Meet the Class of 2020: Raj Biswas, Data Scientist at Amazon Machine Learning Solutions Lab

Raj BiswasRaj Biswas studied computer science at the Vellore Institute of Technology in India before spending two years working as a data scientist for NextOrbit. The 2020 alumnus of the M.S. in data science program through the Data Science Institute (DSI) at Columbia University is now a data scientist at Amazon Machine Learning Solutions Lab in Palo Alto. He credits DSI with giving him “great friends, up-to-date technical knowledge, and the confidence to tackle any data science and machine learning problem."

How did you become interested in data science?

I got interested in data science through Coursera courses around 2013; it wasn't as popular as it is today. The fact that I could combine mathematics and computer science to get interesting insights from data attracted me. I got instant gratification by doing simple things and got interesting results, which also helped me win a few hackathons.

How did your undergraduate experience prepare you for graduate school?

My undergraduate experience in computer science helped me a lot in my journey. Taking up courses like data structures, algorithms, and object-oriented programming helped me develop as a data scientist because, more often than not, data science modules have to work in tandem with a lot of different computer science systems. These fundamentals definitely help in building data science systems that integrate well with the rest of the components. My undergraduate studies also gave me good exposure in some mathematics courses like multivariate calculus, linear algebra, numerical analysis, and statistics, which form the basis of data science.

Why did you choose to come to DSI?

DSI has a very reputable program. Based on the feedback that I received from alumni and also by going through the course content, I was able to figure out that the courses were both rigorous and up-to-date with the most recent trends in the industry. Another reason to pick Columbia was due to it being located in NYC. I was interested in the finance industry at that time and wanted to explore more in that area. NYC, being the financial capital of the world, could provide me ample opportunities.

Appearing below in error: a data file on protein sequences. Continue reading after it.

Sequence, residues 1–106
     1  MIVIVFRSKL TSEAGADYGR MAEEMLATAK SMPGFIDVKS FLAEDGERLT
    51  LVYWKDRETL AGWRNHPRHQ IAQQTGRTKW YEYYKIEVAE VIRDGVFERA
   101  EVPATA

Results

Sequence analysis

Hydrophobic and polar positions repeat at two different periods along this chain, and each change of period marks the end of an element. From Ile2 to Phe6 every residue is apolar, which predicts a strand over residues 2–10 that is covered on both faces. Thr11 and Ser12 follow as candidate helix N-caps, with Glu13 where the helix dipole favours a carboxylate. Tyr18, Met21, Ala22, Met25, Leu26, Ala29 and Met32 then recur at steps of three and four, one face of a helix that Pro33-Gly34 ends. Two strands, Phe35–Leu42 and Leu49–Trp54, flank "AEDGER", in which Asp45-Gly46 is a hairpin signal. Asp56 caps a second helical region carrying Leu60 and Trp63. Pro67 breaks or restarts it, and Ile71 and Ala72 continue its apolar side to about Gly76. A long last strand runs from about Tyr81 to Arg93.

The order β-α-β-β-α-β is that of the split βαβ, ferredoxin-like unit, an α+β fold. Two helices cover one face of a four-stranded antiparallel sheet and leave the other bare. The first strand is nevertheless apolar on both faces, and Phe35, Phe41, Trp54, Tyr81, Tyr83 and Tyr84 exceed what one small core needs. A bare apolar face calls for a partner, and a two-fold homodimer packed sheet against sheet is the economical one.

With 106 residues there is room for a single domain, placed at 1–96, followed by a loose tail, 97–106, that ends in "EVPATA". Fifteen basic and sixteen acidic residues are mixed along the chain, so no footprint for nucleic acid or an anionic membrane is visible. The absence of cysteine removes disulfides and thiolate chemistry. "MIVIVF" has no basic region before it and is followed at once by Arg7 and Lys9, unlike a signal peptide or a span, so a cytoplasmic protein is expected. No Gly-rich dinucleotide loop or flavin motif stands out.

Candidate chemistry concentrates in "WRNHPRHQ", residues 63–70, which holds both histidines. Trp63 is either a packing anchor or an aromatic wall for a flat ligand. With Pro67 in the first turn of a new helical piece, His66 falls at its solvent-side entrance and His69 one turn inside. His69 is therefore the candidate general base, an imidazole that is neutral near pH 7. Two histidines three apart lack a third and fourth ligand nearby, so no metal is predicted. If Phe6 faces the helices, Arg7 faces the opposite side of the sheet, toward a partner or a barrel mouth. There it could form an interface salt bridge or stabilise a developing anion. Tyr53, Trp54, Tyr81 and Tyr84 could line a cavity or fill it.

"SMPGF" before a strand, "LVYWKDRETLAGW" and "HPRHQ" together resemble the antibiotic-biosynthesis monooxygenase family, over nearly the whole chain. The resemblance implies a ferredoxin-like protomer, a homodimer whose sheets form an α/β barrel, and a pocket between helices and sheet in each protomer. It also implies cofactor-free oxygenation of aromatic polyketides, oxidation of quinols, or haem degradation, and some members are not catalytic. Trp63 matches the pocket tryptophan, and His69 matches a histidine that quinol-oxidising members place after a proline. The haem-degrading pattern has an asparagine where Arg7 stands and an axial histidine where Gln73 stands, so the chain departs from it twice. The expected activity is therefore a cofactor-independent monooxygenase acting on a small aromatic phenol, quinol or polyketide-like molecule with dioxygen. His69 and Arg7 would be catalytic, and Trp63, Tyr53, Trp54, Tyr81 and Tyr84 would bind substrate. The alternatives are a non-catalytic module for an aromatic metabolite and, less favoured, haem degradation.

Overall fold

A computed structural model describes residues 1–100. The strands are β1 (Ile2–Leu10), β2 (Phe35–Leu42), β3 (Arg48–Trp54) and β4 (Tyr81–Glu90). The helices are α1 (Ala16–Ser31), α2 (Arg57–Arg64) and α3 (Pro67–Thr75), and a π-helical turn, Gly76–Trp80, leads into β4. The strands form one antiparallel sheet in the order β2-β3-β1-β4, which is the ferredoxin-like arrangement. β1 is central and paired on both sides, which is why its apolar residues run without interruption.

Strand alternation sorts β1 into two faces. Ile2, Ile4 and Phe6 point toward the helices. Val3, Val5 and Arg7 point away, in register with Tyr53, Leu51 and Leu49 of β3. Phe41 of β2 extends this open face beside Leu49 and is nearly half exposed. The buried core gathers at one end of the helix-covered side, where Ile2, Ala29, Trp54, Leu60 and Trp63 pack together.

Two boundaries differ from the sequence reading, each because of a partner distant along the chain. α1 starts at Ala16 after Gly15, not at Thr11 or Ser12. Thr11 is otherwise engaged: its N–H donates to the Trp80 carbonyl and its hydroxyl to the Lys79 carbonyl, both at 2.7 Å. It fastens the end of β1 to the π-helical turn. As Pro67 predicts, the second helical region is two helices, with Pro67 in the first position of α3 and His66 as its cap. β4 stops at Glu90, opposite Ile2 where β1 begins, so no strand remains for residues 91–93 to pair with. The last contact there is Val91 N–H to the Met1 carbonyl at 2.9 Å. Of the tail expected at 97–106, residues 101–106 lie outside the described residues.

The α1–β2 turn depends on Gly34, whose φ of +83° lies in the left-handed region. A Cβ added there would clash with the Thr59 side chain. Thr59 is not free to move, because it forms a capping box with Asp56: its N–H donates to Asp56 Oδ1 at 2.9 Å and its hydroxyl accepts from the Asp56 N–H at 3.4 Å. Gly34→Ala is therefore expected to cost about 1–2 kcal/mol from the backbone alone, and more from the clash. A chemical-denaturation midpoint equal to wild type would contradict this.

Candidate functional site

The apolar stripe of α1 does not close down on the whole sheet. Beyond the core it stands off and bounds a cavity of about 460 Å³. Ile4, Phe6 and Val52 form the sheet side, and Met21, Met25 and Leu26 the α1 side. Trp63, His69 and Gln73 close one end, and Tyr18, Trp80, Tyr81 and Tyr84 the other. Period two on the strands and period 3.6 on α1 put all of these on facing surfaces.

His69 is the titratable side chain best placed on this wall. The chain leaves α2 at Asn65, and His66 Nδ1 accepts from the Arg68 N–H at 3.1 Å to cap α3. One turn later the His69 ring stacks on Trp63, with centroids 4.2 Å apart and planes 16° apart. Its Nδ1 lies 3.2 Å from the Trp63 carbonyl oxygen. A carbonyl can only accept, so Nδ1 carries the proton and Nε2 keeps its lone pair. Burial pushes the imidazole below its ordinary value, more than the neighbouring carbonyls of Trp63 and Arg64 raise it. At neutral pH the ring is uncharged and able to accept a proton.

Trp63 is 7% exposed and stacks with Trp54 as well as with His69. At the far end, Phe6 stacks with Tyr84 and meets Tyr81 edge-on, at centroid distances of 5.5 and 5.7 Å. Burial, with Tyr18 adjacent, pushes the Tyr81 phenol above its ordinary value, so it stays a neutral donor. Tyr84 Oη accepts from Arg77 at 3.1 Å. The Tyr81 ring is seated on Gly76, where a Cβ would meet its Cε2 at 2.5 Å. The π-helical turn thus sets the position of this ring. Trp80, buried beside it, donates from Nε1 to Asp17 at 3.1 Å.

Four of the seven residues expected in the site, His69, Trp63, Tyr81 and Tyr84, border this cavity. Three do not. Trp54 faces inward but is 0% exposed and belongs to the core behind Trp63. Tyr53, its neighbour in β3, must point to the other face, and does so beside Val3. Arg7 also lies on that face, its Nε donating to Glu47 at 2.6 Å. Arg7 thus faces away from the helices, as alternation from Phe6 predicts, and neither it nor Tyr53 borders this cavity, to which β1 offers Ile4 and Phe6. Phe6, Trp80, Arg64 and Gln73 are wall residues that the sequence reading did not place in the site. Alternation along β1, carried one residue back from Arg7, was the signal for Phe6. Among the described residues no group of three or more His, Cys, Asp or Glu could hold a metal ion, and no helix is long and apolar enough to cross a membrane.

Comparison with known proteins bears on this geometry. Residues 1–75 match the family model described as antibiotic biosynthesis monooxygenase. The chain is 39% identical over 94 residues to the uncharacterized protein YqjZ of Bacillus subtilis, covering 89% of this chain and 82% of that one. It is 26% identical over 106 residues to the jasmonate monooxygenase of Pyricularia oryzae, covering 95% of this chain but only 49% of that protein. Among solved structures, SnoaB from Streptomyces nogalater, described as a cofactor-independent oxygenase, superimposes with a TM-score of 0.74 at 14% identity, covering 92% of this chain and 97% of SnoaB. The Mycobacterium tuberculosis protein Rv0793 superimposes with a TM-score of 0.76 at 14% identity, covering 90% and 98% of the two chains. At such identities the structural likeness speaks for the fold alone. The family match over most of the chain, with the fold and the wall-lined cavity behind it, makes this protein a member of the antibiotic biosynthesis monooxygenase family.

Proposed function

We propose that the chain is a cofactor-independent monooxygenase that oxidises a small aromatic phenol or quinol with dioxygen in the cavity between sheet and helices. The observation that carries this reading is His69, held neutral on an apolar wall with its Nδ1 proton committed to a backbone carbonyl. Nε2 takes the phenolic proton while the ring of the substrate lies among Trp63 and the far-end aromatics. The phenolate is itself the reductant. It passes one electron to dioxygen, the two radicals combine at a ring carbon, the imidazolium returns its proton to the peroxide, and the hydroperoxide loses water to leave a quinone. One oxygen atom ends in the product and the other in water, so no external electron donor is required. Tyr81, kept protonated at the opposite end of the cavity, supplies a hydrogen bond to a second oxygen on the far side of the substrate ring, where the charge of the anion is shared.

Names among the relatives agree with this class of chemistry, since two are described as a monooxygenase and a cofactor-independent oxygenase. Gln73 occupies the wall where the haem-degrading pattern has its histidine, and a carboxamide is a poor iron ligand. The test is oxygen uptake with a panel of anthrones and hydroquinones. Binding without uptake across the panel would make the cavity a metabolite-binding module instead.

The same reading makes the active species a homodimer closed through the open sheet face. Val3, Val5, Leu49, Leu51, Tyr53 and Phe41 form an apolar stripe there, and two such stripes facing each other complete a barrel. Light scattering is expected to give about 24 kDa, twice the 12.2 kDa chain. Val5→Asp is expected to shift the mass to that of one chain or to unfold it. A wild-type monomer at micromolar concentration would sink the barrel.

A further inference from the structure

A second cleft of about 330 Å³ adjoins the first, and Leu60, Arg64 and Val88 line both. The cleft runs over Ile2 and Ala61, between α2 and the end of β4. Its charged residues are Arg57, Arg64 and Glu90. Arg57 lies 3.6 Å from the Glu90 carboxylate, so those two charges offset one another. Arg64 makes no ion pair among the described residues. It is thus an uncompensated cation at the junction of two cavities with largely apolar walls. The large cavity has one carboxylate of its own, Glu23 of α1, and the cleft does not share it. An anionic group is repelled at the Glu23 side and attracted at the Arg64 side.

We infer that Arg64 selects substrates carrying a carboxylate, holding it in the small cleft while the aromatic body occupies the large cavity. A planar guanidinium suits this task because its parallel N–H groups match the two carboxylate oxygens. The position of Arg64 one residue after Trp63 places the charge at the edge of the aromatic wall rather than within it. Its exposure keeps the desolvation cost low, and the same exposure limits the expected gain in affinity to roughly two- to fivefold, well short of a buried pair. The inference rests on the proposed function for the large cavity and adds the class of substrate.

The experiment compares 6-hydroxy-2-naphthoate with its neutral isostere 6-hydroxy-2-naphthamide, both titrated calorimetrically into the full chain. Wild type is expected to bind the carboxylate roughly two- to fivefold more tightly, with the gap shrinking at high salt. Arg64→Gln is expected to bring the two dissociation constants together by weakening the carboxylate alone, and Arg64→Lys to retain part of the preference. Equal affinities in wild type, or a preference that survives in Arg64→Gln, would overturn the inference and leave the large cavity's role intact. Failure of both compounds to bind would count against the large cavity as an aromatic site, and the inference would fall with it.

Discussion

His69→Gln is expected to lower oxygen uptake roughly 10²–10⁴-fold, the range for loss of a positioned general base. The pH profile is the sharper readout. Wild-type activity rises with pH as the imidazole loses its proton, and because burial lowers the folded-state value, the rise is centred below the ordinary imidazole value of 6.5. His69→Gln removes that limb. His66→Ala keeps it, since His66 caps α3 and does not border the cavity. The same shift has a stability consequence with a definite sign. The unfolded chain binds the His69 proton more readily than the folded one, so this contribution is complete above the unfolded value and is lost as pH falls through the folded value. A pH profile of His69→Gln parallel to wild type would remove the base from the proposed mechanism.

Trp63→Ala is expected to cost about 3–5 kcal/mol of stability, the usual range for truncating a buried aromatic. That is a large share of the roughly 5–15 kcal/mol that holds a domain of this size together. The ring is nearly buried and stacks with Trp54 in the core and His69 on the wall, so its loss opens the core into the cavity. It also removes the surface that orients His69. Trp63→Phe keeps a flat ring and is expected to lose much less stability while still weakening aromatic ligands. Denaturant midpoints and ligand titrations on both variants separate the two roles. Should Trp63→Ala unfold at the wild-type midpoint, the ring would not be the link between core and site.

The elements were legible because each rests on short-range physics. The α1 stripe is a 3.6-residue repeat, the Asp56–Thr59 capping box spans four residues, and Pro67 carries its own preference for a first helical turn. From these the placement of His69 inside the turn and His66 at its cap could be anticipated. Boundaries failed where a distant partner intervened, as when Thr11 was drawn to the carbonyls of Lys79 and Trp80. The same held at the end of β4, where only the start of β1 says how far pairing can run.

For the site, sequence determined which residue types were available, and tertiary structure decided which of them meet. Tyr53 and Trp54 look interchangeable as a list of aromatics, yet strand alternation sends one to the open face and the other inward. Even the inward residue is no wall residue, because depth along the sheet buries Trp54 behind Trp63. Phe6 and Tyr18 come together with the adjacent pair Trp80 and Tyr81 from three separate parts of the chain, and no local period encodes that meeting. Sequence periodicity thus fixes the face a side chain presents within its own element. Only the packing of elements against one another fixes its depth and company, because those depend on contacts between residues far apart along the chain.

Did you enjoy living in New York City?

This was my first time in NYC as well as my first time in the USA. I still remember taking my first yellow cab ride from JFK. Entering Manhattan was mesmerizing. Driving through downtown Manhattan made me feel like I was in a movie. Central Park was a different world altogether amidst the concrete jungle. The best part about NYC is the diversity of the people living there. It felt like a miniature representation of the entire world. The nightlife of NYC was great as well; we could always find places that are open as late as 4 a.m. The winter was certainly something that I had to adapt to, I had never experienced sub-zero temperatures before.

What was your favorite course at DSI?

My favorite courses were Algorithms for Data Science taught by Eleni Drinea as it was very challenging and made me think the most. I also loved the Applied Machine Learning course taught by Andreas Mueller as it provided us the practical aspects of machine learning and I still find myself using most of that knowledge in the industry.

Which internship opportunities have you had during your DSI studies?

I interned at Autodesk, where I was given a very open-ended problem with no clear business objectives. My biggest challenge and learning point from this experience was to work with problems that are in a very nascent stage. I learned how to reduce very abstract ideas to machine learning problems and link them to business outcomes that would be beneficial to the company.

Tell us about your capstone project.

My capstone project was Unsupervised Entity Resolution on Multi-Type Graphs and we partnered with Capital One. The goal of the project was to identify distinct entities in textual data and link the same entities across multiple datasets using a graph methodology. We found a research paper that had a similar solution, implemented the algorithms from scratch on our end to see the performance of the algorithm, and made it useful for the folks at Capital One. After implementing the algorithm and experimenting with it, we realized that it did not perform as claimed. We went further and tweaked different parts of the algorithm to improve its performance. It was a great experience as we were being guided by people working in the industry as well as our faculty advisor Tian Zheng.


Media Contact: Sharnice Ottley, so2506@columbia.edu


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